EQT Corp. on Tuesday defended U.S. natural gas producers and argued for boosting exports in a lengthy rebuttal to claims last month by Sen. Elizabeth Warren (D-MA) that “corporate greed and profiteering” are to blame for the sharp rise in energy prices this year.

CEO Toby Rice sent a nine-page response to Warren’s Nov. 23 letter to nearly a dozen of the nation’s leading gas producers raising concerns about rising prices and their impact on consumers. She also requested more information about how the companies have benefited from international gas exports and what they’ve invested in alternative energy. 

Rice said if anything the country should increase its liquefied natural gas (LNG) exports in particular to displace dirtier fuels like coal across the world. 

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“Ramping LNG in a manner that specifically targets the replacement of foreign coal, particularly in China, represents the largest, fastest and most proven opportunity for the United States to address global climate change,” Rice said. “That’s the price — reducing emission levels at a pace we’ve never seen, while simultaneously providing the world with cheap, reliable and clean energy.”

Rice argued that replacing China’s planned or under construction coal power plants with gas-fired facilities alone could slash 370 million metric tons of carbon dioxide total. He said the amount was “roughly equivalent to the emissions reduction impact of the entire U.S. renewables sector.”

Rice noted that the average U.S. gas price for 2021 is significantly below the 20-year average of $5.70/Mcf. Even as production has doubled since 2005, the country has seen a steep reduction in methane emissions by an amount that’s in line with the decrease seen across the European Union over that time, he noted.

“Yes, the price of natural gas has increased rapidly relative to 2020 as the economic engines of the world have reignited, but natural gas prices in 2020 were the lowest in over two decades, a year during which we exported LNG,” Rice wrote. “In fact, because of the shale gas boom and companies like EQT, the United States consumer has benefited from, and continues to benefit from, some of the lowest natural gas prices in the world.”

Henry Hub spot prices have nearly doubled year/year, going from an average of $2.11/MMBtu last year to $4.13 through November, according to the Energy Information Administration (EIA).  The closing price for Henry Hub front month futures have settled at highs not seen since 2009 over the last two months, averaging $5.57 in October and $5.12 in November. Lower storage inventories and stronger demand in the electric power sector have played a strong role in the increase.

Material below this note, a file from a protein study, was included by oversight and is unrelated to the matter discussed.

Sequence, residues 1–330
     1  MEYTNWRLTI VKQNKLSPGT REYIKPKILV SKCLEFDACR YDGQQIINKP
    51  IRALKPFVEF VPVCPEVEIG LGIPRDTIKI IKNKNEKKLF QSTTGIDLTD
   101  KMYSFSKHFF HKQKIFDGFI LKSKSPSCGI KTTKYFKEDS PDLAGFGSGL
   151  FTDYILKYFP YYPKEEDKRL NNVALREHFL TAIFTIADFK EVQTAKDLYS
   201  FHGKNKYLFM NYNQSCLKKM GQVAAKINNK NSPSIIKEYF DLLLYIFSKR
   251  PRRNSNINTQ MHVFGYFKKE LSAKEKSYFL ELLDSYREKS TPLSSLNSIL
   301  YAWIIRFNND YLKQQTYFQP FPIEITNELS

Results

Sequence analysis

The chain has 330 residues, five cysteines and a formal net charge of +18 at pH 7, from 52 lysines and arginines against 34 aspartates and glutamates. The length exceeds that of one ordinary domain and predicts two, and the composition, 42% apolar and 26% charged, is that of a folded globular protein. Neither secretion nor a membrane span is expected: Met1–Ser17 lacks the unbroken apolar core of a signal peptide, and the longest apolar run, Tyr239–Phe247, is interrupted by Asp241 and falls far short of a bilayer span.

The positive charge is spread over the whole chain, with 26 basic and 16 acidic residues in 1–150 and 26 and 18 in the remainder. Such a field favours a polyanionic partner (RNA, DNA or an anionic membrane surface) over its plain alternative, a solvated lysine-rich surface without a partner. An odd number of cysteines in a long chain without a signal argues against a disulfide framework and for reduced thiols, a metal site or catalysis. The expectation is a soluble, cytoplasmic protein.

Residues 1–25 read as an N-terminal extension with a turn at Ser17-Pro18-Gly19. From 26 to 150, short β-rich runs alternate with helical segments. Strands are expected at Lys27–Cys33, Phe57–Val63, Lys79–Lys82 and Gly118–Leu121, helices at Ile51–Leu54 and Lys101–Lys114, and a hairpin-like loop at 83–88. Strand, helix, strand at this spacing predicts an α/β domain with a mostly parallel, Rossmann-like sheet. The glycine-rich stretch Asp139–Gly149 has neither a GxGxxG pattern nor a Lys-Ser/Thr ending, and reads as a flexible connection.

Mild weather and balmier forecasts for December have more recently weighed on prices, but LNG exports have ramped significantly in 2021 amid strong overseas demand and sky-high prices in Asia and Europe. 

U.S. LNG exports averaged 6.5 Bcf/d last year. They’re expected to average 11.1 Bcf/d from December to February, according to the EIA. Traders have increasingly watched export flows as LNG now accounts for roughly 10% of U.S. gas demand. Volatility at Henry Hub has also mirrored volatility in Asia and Europe at times throughout the year as the global gas market becomes more interconnected. 

Some groups, including the Industrial Energy Consumers of America, have blamed exports for the jump in prices. The group has also lobbied vocally for curbing exports, arguing that it’s in the public interest to keep LNG exports limited to surplus supplies. 

Executive director Charlie Riedl of the Center for LNG said blaming exports alone for the jump in prices is shortsighted. 

“LNG exports are not the root cause of higher natural gas prices this winter, and stating that they are is misleading,” he told NGI. “A variety of factors such as lingering Covid-19 impacts, weather, storage and supply have impacted the market this winter, but we have seen production rising to meet demand, which is one of the reasons why prices are currently trending downward, signaling that the market is working as intended.”

EQT is the nation’s largest gas producer. Like many of the companies Warren sent letters to seeking information about exports, EQT does not have contracts to move LNG overseas. Prior to 2018, the company did not export any gas, the company said in response to specific questions from Warren. In 2018, the company began sales to Canada representing no more than 3% of annual production. 

“We have never considered cutting, suspending or ending exports of natural gas, if for no other reason than that we do not have the contractual ability to do so,” EQT management said.